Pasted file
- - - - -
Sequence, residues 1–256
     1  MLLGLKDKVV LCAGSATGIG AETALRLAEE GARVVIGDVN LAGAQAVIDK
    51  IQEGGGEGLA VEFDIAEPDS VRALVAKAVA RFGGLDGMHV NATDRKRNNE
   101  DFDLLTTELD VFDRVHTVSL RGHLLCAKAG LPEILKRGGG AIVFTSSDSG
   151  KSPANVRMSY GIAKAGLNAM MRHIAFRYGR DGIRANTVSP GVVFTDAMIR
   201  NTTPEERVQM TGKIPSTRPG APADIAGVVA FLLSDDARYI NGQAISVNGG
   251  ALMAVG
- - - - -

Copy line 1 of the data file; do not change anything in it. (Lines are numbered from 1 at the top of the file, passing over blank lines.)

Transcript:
Sequence, residues 1–256